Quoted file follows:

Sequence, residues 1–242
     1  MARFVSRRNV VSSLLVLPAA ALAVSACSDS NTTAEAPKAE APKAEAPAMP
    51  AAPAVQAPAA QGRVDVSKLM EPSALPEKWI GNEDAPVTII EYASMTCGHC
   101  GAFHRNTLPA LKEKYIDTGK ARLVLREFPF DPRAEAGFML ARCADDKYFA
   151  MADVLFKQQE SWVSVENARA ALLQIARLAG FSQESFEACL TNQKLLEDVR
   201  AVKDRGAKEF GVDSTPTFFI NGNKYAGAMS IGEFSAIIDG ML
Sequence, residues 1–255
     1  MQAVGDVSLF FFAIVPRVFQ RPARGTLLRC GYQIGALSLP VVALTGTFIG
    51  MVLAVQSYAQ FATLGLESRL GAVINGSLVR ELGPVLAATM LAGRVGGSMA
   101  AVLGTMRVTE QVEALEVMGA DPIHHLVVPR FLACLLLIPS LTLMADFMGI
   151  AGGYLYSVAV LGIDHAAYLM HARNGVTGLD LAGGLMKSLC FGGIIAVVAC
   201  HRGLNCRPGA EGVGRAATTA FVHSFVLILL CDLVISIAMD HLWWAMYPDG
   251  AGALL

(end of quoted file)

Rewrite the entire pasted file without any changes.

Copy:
Sequence, residues 1–242
     1  MARFVSRRNV VSSLLVLPAA ALAVSACSDS NTTAEAPKAE APKAEAPAMP
    51  AAPAVQAPAA QGRVDVSKLM EPSALPEKWI GNEDAPVTII EYASMTCGHC
   101  GAFHRNTLPA LKEKYIDTGK ARLVLREFPF DPRAEAGFML ARCADDKYFA
   151  MADVLFKQQE SWVSVENARA ALLQIARLAG FSQESFEACL TNQKLLEDVR
   201  AVKDRGAKEF GVDSTPTFFI NGNKYAGAMS IGEFSAIIDG ML
Sequence, residues 1–255
     1  MQAVGDVSLF FFAIVPRVFQ RPARGTLLRC GYQIGALSLP VVALTGTFIG
    51  MVLAVQSYAQ FATLGLESRL GAVINGSLVR ELGPVLAATM LAGRVGGSMA
   101  AVLGTMRVTE QVEALEVMGA DPIHHLVVPR FLACLLLIPS LTLMADFMGI
   151  AGGYLYSVAV LGIDHAAYLM HARNGVTGLD LAGGLMKSLC FGGIIAVVAC
   201  HRGLNCRPGA EGVGRAATTA FVHSFVLILL CDLVISIAMD HLWWAMYPDG
   251  AGALL